Thursday, 1 September, 2022

Super botanists to the rescue; a tale of two tomato incidents; how dolphins set up their mates; and the man who paddled a pumpkin.



Tomatoes on a freeway:


La Tomatina tomato throwing festival:

Pumpkin paddling


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As storms threaten to smash every single state of Australia over the next couple of days, and a big ol’ rain front makes its way across the country, botanists in NSW are starting to worry that some species of native tree won’t survive another wet summer.

Hang on – what’s a botanist I hear you say? It’s someone who studies plants for a living. It’s totally a thing.

And why would the prospect of more rain be anything but a good thing for plants? 

Well – because some plants are used to thriving in relatively dry conditions. Including a plant called the native guana and the scrub turpentine – which are native to the North Coast of NSW. 

And the problem with another wet summer – thanks very much La Nina, i mean, enough already! – is that it’s another four months or so of wet AND warm conditions, which is great conditions for something called myrtle rust – which is a fungus that grows on plants and kills them – like the poor old native guana and scrub turpentine.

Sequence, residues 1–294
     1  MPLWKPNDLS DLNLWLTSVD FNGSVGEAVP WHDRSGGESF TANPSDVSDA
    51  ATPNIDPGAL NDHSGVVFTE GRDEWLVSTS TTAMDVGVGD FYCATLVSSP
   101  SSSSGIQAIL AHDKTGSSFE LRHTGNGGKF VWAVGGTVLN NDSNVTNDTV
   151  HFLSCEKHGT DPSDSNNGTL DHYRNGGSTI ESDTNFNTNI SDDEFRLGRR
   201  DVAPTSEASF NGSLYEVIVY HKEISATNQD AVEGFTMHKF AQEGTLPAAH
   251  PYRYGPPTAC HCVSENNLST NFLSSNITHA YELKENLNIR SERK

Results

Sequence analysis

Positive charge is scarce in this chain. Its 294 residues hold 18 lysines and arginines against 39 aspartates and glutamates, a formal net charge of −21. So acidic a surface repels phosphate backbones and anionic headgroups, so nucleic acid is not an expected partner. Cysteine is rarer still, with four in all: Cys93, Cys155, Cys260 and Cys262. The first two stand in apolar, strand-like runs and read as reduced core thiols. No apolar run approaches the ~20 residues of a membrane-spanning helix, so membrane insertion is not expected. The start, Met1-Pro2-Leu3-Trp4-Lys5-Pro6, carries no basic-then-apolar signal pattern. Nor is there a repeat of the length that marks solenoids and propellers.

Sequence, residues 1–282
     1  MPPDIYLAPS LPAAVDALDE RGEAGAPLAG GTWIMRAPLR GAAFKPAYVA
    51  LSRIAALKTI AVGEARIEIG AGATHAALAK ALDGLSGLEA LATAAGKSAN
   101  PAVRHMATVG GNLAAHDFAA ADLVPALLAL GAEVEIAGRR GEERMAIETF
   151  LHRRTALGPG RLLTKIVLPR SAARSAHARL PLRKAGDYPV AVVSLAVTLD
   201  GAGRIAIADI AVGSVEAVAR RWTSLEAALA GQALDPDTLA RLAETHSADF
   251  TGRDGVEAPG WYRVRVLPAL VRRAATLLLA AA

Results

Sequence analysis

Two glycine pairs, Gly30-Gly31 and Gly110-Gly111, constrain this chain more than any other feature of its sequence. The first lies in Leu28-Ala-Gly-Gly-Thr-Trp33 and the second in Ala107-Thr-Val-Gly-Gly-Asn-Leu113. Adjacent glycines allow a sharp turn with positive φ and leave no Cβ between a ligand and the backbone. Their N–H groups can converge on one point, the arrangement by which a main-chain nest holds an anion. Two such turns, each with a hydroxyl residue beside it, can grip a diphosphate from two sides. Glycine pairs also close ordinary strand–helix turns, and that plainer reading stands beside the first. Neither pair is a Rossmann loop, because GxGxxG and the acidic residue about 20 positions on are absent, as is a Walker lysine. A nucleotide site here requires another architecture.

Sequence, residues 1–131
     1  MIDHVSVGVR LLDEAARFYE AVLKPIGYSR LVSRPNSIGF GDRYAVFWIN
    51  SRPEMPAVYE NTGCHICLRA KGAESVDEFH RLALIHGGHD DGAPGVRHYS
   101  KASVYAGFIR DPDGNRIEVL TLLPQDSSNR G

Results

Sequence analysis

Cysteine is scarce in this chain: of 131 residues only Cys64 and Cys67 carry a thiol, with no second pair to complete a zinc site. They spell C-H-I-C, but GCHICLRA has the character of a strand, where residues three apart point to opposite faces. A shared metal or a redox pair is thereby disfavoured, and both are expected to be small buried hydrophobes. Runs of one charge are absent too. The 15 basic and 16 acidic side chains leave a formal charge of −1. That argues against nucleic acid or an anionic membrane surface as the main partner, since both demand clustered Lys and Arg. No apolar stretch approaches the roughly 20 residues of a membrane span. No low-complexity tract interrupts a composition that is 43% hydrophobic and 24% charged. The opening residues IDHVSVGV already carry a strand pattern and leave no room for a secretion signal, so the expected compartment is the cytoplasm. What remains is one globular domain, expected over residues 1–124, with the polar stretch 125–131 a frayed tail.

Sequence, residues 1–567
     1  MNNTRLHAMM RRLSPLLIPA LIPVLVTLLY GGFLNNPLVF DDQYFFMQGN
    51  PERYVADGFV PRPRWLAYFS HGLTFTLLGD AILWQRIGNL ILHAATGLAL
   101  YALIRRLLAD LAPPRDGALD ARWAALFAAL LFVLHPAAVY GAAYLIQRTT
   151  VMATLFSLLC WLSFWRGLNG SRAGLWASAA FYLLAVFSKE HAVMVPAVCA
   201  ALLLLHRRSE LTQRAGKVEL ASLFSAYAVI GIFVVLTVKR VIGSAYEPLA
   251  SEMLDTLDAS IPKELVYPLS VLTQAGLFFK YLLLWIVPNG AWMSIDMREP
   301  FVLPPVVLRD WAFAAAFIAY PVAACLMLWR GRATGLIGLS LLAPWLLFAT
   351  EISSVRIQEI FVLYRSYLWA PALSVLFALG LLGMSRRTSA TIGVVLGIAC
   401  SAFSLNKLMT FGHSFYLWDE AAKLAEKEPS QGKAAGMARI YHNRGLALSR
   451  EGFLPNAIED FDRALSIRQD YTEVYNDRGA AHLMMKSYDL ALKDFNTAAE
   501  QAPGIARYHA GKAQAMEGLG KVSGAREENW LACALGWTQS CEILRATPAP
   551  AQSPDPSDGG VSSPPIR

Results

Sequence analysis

Which is why a bunch of super botanists from Sydney’s Royal Botanical Gardens have swung into action ahead of the forecast wet summer to look at ways of preserving up to 16 species of native plants that could be impacted by myrtle rust. 

Super botanists to the rescue!

Now if only they would come to my rescue … if reports are true that we;re in for another wet summer thanks to the third La Nina impacted summer in a row … I might just have to move to the Sahara Desert.  


Each day we give the world globe a spin and find a news story from wherever it stops … and today we’ve landed in the United States – and in Spain – where it’s been a tale of tomatoes on both sides of the planet.

Starting with the United States, traffic backed up for miles on a freeway in California yesterday  after a truck carrying tonnes of tomatoes crashed and spilt its load – making a big red mess on the road – and causing a couple of cars to lose control.

Meanwhile, in Spain, tomatoes were being spilt on purpose yesterday in the tiny town of Bunol as the annual Tomatina festival took place. 

Tomatina is officially a festival celebrating the tomato harvest – which is to say: the region grows and exports lots of the delicious fruit (because yes, tomato is a fruit) and they like to celebrate that fact with a special festival each year.

And this one attracts thousands of people from all over the world – because it basically involves the world’s biggest food fight. Tonnes of tomatoes are dumped in the narrow streets and town square of Bunol and people throw them at one another. It’s quite a thing to behold. I know as I took part many years ago. I’ve stuck a link to video of both tomato events in today’s episode notes. 




This segment celebrates record setters … people or events that set new records … like the man in the United States who last week set a new Guinness World Record after paddling a giant pumpkin down a river. 

Yes, your ears are not playing tricks on you. I said, paddling a giant pumpkin down a river.

Duane Hansen grew a 384 kg pumpkin in his garden – which is a whopper – then hollowed it out and hopped into it, pushed himself off from a jetty on the Missouri River and paddled downstream for 61 kilometres.